Your technician will break down the entire air handler and rebuild it. This allows for a thorough inspection and testing of the wires, electrical components, and the blower itself. The blower motor requires thorough cleaning. You also have to grease the bearing and add oil to the motor. Your technician will check the fan blades and the balance of the system and adjust it as needed.

Evaporator Coil

The evaporator coil is another key component of any air conditioner or heat pump. It cools the air that the blower forces over it. Each spring, your technician will use coil cleaner to remove any dirt or growth from the coils. That accumulation can significantly affect the energy efficiency of the system. In the case of growth, it can negatively affect the indoor air quality as well.

Condensate Drainage

The evaporator coil creates condensation as a byproduct of cooling the air. There are three core components of drainage that you must inspect and clean: the drip pan, wet switch, and condensate drain line. The drip pan collects moisture that drips down from the coil. Ensure it’s clean and free of significant imperfections. The wet switch trips the system if the drip pan were to overflow. Test it and replace as needed. You need to clean the condensate drain line with a vacuum. If there’s a blockage, you may need to use vinegar, bleach, and water or even a chemical condensate drain line cleaner.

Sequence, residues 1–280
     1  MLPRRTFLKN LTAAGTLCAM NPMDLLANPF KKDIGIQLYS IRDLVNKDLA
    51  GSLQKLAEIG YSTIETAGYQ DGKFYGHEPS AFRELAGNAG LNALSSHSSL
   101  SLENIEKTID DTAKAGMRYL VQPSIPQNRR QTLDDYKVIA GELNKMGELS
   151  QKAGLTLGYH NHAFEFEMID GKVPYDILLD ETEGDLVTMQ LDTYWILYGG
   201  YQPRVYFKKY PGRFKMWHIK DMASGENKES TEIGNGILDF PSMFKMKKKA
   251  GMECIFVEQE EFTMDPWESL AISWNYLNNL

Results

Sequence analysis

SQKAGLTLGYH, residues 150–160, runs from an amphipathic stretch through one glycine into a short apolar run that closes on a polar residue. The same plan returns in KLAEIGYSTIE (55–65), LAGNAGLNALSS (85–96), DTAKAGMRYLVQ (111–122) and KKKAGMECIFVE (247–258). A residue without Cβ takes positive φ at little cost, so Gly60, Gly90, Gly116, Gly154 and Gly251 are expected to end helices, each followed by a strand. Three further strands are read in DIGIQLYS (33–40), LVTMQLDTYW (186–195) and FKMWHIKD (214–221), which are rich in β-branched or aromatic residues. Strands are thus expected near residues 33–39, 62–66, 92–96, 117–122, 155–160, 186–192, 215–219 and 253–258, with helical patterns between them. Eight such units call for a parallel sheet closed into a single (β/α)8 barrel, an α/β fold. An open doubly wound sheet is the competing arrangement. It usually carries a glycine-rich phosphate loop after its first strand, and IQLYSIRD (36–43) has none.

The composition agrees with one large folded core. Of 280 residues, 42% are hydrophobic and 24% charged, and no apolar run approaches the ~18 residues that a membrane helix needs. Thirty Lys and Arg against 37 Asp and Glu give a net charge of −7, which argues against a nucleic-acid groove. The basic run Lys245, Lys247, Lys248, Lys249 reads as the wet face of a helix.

HVAC Filter

A ducted ASHP will have at least one supply vent that requires an air filter. This is a good time to check the filter and replace it if needed. You should also consider the filter’s rating. Most modern systems support up to a MERV 13 filter. Using a high-quality filter can better protect the system and improve your indoor air quality. This is also a good time to clean the return vents. Clean the vent, the underside, and up into the duct as far as you can reach. If you notice excessive buildup in there, then it may be time to schedule a duct cleaning.


Remove the face of the thermostat and use a light brush to clean the contacts. Corrosion isn’t common, but if you have that issue, clean it and replace the batteries. Severe corrosion may require a unit replacement. Use a separate thermometer to verify the thermostat temperature reading.

Static Air Pressure

Once you’ve cleaned and inspected the system, it’s time to run it and ensure that all is in working order. Your technician will check the circuit breaker, start the system, and listen for any loud noises or excessive vibration. If all sounds good, then the final step is to test the static air pressure. It has to be in the right range for that particular air handler. To do this, you need a water column manometer. You then test pressure at the supply side and return side. If the numbers are right, your heat pump is now ready for winter or summer. If not, there may be an obstruction in the ducts or another airflow issue.

Heat Pump Maintenance in Metuchen

First Choice Plumbing, Heating & Air Conditioning provides maintenance for heat pumps and all other heating and cooling systems throughout Metuchen and the neighboring communities. Our team also installs and repairs air conditioners, heat pumps, furnaces, boilers, ductless mini-splits, whole-house fans, air purifiers, dehumidifiers, and humidifiers.

We have plumbers who repipe and perform repairs as well. Our plumbers can even install fixtures, water heaters, water treatment systems, garbage disposals, and sump pumps. Call us today to learn more about our services or to schedule an appointment.